Corey Jaskolski SM '02 founded Synthetaic, a software company that uses AI to “automate the analysis of large datasets, namely satellite imagery and video, not containing labels,” reports Kyle Wiggers for TechCrunch. “Synthetaic’s technology offers a transformative approach to AI model training and creation, addressing the critical needs of technical decision makers,” says Jaskolski.

The Christian Science Monitor

Christian Science Monitor reporter Ira Porter spotlights undergraduate Subin Kim and his experience transferring from community college to MIT through the Transfer Scholars Network, which is aimed at helping community college students find a path to four-year universities. “Every student that we admit, we’re looking for academic excellence and personal excellence,” says Stuart Schmill, dean of MIT admissions and student financial services. “And the students that we’ve brought in from the Transfer Scholar Network and in general from community colleges are remarkable individuals.”

Curiosity Stream

Four faculty members from across MIT - Professors Song Han, Simon Johnson, Yoon Kim and Rosalind Picard - speak with Curiosity Stream about the opportunities and risks posed by the rapid advancements in the field of AI. “We do want to think about which human capabilities we treasure,” says Picard. She adds that during the Covid-19 pandemic, “we saw a lot of loss of people's ability to communicate with one another face-to-face when their world moved online. I think we need to be thoughtful and intentional about what we're building with the technology and whether it's diminishing who we are or enhancing it.”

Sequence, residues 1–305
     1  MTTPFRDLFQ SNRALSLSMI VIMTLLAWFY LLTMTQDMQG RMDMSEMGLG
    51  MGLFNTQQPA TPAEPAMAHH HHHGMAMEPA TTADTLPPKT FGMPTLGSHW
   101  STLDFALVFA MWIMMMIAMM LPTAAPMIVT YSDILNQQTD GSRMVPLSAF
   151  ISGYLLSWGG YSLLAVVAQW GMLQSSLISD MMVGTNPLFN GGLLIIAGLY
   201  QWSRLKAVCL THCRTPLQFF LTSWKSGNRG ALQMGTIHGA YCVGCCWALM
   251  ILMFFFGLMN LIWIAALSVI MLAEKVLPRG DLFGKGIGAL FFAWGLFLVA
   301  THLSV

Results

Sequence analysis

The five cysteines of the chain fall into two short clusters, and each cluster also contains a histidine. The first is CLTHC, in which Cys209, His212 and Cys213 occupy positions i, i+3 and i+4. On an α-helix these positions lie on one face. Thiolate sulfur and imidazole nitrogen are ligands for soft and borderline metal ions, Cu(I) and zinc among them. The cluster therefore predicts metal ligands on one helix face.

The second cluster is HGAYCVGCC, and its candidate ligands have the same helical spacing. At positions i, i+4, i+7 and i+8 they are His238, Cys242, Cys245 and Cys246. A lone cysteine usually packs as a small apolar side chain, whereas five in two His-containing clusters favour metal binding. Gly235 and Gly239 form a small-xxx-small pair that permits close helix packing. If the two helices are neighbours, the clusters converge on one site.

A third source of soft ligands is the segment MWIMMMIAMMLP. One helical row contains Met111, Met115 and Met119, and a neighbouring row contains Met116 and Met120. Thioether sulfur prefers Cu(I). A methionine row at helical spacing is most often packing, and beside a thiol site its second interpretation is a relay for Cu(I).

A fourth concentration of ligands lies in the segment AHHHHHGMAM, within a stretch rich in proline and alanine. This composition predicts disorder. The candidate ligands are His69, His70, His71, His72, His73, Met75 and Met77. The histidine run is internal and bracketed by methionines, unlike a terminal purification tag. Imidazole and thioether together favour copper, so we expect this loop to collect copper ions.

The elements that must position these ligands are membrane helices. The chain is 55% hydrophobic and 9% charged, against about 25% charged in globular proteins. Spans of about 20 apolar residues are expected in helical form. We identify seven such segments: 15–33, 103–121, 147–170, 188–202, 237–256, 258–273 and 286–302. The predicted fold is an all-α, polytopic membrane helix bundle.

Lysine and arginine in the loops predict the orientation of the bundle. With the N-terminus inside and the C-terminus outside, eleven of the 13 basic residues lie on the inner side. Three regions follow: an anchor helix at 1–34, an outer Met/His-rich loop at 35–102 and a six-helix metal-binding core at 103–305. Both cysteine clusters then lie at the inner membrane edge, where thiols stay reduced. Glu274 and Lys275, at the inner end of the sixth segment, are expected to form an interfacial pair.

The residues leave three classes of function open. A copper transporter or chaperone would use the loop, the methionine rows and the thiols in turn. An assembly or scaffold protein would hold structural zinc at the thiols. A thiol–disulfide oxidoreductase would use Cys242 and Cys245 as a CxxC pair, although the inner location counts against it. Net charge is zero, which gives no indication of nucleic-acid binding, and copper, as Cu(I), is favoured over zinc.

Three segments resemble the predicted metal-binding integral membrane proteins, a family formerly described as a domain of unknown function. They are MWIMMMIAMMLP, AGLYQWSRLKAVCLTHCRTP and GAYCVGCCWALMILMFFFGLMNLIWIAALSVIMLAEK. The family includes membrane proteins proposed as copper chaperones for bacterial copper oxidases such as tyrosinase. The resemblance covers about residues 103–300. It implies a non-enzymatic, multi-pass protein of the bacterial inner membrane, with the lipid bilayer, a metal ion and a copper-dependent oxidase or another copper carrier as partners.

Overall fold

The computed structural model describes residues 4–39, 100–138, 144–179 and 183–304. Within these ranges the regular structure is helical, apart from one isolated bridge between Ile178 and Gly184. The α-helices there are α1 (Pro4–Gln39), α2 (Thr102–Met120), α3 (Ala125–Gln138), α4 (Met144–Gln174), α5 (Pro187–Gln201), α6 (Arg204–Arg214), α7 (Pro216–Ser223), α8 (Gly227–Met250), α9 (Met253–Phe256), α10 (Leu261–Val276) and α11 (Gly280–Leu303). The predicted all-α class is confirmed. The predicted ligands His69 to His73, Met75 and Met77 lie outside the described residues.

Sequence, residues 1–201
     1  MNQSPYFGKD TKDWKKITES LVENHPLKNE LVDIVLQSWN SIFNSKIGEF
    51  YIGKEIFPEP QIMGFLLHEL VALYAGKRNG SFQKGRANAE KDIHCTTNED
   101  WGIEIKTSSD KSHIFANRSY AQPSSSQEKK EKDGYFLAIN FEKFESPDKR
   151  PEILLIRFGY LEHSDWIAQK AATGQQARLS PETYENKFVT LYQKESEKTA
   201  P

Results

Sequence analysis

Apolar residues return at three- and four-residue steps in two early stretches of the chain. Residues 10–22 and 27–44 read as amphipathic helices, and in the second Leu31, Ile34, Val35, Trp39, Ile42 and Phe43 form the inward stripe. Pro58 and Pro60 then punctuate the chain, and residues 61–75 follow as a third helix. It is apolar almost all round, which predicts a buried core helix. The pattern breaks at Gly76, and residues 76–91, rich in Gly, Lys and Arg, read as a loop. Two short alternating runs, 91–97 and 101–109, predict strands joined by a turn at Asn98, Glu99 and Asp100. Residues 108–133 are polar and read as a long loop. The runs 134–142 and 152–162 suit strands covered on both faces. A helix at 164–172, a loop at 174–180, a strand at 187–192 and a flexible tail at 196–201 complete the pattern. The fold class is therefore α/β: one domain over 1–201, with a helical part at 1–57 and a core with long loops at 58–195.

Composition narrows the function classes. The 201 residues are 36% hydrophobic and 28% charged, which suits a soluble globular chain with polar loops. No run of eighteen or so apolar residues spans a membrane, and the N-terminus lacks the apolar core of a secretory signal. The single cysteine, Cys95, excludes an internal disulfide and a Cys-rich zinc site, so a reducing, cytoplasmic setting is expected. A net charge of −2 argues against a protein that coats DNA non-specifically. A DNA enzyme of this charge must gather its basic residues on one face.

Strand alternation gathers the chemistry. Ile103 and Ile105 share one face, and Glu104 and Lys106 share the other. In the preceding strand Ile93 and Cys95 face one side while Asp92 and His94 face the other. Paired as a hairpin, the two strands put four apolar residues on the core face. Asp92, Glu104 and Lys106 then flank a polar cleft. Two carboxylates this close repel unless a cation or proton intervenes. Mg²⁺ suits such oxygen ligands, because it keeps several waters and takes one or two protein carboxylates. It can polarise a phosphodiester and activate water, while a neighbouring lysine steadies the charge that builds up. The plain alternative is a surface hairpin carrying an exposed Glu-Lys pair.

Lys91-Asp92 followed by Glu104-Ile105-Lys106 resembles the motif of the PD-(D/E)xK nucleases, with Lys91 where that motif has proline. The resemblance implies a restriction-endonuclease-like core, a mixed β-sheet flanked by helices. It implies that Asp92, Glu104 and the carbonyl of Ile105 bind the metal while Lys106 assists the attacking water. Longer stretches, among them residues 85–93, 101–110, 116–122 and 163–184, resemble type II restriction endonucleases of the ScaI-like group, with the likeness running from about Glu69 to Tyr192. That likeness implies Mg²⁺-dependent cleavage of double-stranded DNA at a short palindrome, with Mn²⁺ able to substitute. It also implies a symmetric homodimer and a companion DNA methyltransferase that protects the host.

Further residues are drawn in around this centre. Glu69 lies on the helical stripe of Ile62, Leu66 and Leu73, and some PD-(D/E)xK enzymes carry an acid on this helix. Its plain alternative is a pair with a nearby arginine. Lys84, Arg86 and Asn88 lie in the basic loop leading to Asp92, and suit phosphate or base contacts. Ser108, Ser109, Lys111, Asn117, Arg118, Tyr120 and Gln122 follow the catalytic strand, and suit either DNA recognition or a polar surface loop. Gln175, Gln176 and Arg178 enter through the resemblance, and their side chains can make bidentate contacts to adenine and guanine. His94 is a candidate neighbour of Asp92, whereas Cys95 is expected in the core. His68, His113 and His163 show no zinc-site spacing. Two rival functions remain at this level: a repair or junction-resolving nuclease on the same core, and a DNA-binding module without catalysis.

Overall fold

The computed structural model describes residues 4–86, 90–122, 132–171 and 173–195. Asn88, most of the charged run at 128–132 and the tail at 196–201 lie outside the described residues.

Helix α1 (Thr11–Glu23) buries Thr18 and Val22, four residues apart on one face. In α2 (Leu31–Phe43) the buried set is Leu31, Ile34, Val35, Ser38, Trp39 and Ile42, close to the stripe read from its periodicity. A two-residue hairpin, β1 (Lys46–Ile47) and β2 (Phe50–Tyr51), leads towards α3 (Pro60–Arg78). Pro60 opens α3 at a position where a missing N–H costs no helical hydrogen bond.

The Messenger

Writing for The Messenger, graduate student Kartik Chandra highlights the MIT Art Lending Program, which allows students to select one piece from the List Visual Arts Center’s collection to keep in their dorm rooms for the duration of the academic year. “Three years into my time at MIT, I’m convinced the program works well,” writes Chandra. “Our relationship with art changes from the moment we walk into the gallery. As students wander, pondering what to take home, conventional measures of fame, monetary worth, and even beauty fall away, and the only question that matters becomes: Does this piece speak to you, personally? And something always does — as if it were put there just for you.”

STAT

STAT reporter Annalisa Merelli writes that the 2023 Lasker Award has been given to Prof. James Fujimoto, research affiliate Eric Swanson SM ’84 and David Huang PhD ’93 for their work advancing the diagnosis of eye disease. Fujimoto, Swanson and Huang developed “optical coherence tomography (OCT) — the first noninvasive technology allowing doctors to see high-resolution images of the retina.”

The New York Times

Prof. James Fujimoto, research affiliate Eric Swanson SM ’84 and David Huang PhD ’93 have won a Lasker Award for their work inventing optical coherence tomography, which can “detect conditions like macular degeneration and diabetic retinopathy earlier than previous methods, preventing blindness,” reports Noah Weiland and Cade Metz for The New York Times. “O.C.T. now is commonly used in ophthalmology offices, where the patient simply rests a chin and forehead against an instrument for a brief scan,” write Weiland and Metz. “The method, invented in 1991, offers a staggering amount of detail about the retina.”

NBC News

NBC News highlights how researchers from MIT and MGH have developed a new AI tool, called Sybil, that can “accurately predict whether a person will develop lung cancer in the next year 86% to 94% of the time.” NBC News notes that according to experts, the tool "could be a leap forward in the early detection of lung cancer.”

The Boston Globe

Prof. Ronitt Rubinfeld has been named a John Simon Guggenheim Foundation fellow, reports Mark Feeney for The Boston Globe. “A ‘Guggenheim’ is one of the most sought-after honors in academe and culture,” explains Feeney. “It helps underwrite a proposed art or scholarly project.”